|Ph.D Student||Engel-Yeger Batya|
|Subject||Hearing Impairments and Deafness Due to Consanguinity:|
Genetic Factors and Their Physiological and
|Department||Department of Medicine||Supervisor||Professor Emeritus Hillel Pratt|
Mutations in the gene encoding gap junction protein Connexin 26 (Cx26) are a major cause of non-syndromic recessive hearing loss. The gap junctions affected are thought to participate in potassium recycling in the cochlea.
The purpose of this study was to locate along the auditory pathway sites affected by the abnormal function of these gap junctions.
Auditory function was assessed by distortion product otoacoustic emission (DOPAEs) and auditory brainstem evoked potentials (ABEPs) in 128 subjects from a village with high rates of hearing impairments caused by Cx26 mutations: non-carriers, carriers, homozygotes or compound heterozygotes for three Cx26 mutations. All subjects underwent blood tests for mutation screening, pure tone audiometry, SRT and discrimination tests.
Variable hearing impairments were found among homozygotes and compound heterozygotes according to audiometry and ABEPs. DPOAEs were absent except for some sporadic responses. All carriers had significantly smaller DPOAEs compared to non-carriers, although both groups had normal audiograms and ABEPs.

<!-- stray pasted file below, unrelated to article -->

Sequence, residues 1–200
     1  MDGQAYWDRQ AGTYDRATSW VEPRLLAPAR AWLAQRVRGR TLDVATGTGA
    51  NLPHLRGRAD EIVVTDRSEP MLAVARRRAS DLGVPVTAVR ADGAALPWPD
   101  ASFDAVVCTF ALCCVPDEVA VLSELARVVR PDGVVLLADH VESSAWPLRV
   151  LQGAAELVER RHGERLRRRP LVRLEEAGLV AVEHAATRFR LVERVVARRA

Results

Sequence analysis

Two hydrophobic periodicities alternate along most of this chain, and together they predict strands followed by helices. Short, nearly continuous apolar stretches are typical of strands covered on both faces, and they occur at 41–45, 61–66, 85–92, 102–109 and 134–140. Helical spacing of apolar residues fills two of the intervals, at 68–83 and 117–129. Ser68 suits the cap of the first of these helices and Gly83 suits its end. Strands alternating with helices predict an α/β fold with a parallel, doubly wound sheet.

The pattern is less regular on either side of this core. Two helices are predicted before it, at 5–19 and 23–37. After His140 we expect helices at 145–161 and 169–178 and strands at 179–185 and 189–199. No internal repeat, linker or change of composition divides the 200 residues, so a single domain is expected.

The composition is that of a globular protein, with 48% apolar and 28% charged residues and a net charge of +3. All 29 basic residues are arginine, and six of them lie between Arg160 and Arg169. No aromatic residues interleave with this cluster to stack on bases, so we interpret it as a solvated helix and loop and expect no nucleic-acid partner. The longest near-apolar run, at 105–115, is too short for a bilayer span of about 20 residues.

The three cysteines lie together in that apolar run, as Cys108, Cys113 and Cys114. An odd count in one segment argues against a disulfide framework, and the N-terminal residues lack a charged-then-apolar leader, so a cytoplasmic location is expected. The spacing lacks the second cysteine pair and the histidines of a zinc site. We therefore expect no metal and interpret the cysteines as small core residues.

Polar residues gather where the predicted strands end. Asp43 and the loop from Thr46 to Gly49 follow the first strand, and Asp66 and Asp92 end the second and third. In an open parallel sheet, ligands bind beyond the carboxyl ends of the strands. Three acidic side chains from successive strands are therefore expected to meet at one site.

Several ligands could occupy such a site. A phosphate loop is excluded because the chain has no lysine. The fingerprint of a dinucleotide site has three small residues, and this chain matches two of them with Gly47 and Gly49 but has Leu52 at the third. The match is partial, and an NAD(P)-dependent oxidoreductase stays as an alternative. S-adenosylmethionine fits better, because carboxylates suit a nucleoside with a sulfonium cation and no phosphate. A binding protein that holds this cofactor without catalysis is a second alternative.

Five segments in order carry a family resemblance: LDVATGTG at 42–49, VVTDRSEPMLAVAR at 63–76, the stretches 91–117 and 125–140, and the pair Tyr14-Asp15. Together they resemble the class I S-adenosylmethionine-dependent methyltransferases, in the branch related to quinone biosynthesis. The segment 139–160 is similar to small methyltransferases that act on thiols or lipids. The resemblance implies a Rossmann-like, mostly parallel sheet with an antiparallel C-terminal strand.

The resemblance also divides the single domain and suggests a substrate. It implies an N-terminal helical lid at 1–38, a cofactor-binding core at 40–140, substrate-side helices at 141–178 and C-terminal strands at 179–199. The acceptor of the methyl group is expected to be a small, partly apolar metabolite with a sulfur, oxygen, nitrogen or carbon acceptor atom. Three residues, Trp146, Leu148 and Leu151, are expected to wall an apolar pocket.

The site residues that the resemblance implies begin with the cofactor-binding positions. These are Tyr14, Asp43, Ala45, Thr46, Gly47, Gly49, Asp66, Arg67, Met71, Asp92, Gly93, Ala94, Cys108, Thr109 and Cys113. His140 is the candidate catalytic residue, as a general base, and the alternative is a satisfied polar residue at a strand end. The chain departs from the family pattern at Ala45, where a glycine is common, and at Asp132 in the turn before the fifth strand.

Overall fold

The results indicate that auditory function of homozygotes and compound heterozygotes is similarly affected: outer hair cells (OHCs) are uniformly impaired, with variable inner hair cell / nerve impairment. OHCs mal-function was also found among carriers, as indicated by DPOAEs that are sensitive and may indicate hearing impairments in these subjects as well.
These results suggest that the mutations studied affect the same auditory site - OHCs. Furthermore, for clinical purposes, OAEs provide only partial auditory information in populations with high Cx26 mutation rates. Therefore ABEP should also be included in evaluating hearing.